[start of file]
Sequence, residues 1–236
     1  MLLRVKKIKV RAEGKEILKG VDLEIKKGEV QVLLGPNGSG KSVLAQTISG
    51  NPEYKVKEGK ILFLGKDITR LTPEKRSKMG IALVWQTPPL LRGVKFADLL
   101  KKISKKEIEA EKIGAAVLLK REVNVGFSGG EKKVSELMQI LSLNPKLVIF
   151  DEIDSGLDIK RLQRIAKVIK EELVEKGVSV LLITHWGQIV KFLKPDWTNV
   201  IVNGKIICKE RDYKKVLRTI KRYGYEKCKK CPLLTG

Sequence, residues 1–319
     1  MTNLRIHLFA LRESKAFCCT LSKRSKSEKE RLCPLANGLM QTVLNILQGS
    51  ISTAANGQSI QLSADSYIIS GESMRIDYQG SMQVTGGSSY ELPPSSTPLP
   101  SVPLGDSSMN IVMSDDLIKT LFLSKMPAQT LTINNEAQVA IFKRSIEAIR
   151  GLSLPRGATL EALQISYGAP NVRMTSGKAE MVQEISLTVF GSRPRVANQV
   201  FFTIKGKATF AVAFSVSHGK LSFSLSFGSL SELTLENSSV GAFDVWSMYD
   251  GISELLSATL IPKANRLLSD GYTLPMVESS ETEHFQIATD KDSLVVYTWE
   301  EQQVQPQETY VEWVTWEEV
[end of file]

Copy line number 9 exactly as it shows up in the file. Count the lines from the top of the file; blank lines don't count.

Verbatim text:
    51  ISTAANGQSI QLSADSYIIS GESMRIDYQG SMQVTGGSSY ELPPSSTPLP